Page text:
Monday, June 18, 2012

How did I do that?

Today's post will be quick because I just wanted to share a realization I came to this week.Mostly I'm sharing it to see if I'm weird as a writer, or if there are other people out there like me.

So, I submitted a chapter to my critique group last week, and I actually received very little negative feedback. This was kind of surprising to me because I was a little bit nervous about this particular chapter. It dealt with a topic or idea I don't feel particularly proficient in, and a style of writing that I have no experience with. In other words, it was out of my comfort zone, and accordingly I thought it would need a lot of work. Hence, the surprise at the comments.

This has happened to me one other time on my other novel. A different topic, a different writing style, but equally unfamiliar. The comments at that point were that it was more detailed and engaging than the rest of the story.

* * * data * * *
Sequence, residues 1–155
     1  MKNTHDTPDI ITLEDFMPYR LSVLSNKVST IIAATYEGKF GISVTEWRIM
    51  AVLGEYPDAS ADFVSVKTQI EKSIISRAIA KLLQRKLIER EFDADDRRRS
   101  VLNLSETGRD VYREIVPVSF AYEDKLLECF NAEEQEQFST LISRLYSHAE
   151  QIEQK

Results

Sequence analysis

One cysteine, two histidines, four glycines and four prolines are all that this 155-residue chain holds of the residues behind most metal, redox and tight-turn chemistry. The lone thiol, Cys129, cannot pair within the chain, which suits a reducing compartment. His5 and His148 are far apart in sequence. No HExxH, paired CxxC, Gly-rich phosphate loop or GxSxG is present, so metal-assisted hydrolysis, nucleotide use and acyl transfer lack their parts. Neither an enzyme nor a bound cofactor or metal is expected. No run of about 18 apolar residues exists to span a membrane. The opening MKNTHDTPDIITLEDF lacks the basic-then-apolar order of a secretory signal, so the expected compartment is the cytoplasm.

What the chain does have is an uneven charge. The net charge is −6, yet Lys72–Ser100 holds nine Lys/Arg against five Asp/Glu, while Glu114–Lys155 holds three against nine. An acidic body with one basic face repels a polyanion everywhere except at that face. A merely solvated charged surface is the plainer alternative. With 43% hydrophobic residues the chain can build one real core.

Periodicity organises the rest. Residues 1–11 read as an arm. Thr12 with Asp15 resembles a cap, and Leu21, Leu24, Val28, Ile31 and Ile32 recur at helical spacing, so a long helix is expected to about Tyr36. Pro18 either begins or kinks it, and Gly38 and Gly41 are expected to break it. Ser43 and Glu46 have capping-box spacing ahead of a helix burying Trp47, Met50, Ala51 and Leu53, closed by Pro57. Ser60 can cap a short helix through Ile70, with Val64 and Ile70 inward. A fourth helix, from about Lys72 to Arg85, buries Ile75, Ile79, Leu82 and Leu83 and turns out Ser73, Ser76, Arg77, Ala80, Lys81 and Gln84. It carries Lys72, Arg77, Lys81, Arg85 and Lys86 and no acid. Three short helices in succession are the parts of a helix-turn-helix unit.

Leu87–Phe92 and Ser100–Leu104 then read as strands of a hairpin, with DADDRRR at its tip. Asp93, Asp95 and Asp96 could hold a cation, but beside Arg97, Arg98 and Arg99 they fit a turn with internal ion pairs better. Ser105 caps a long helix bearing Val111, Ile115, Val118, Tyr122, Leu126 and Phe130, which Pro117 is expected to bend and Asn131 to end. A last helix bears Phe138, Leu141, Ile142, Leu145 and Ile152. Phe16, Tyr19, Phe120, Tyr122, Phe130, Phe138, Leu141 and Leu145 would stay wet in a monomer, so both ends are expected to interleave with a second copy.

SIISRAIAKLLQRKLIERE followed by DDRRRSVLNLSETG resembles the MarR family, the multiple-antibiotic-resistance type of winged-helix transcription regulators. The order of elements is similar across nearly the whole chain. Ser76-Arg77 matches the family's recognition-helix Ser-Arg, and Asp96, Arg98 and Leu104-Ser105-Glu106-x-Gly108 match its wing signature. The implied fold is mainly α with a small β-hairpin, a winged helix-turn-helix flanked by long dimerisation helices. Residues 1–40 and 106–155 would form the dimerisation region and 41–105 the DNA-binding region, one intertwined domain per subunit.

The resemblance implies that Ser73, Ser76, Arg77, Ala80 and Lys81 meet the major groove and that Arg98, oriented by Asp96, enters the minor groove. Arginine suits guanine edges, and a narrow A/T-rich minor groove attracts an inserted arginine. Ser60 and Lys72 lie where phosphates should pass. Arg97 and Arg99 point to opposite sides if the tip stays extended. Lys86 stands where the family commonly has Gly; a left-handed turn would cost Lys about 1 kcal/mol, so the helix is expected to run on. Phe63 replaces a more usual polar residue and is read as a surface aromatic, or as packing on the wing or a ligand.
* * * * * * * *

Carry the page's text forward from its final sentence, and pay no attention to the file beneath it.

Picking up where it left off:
So, two different ways to take these comments, both of which I have vacillated between. First of all, bummer that the rest of my writing obviously sucks because it needs to much work. Second of all, cool that I can write something I'm unfamiliar with well.

But the real question to me is: why? I've been thinking about that for a few days, and the only reason I can come up with is a greater attention to the writing. Most of the time I am just trying to get the story out. And it's an amazing, wonderful, awesome story...until my critiquers get a hold of it, and then I realize how much work it needs. But these unfamiliar pieces I give more focus to. I want to make sure they are just right, and they fit the "genre" I'm playing with, that I spend more time on them.  (If only I could/would spend that same amount of time on the rest of it...or even knew how for that matter.)

At least that's my working theory. Any other thoughts?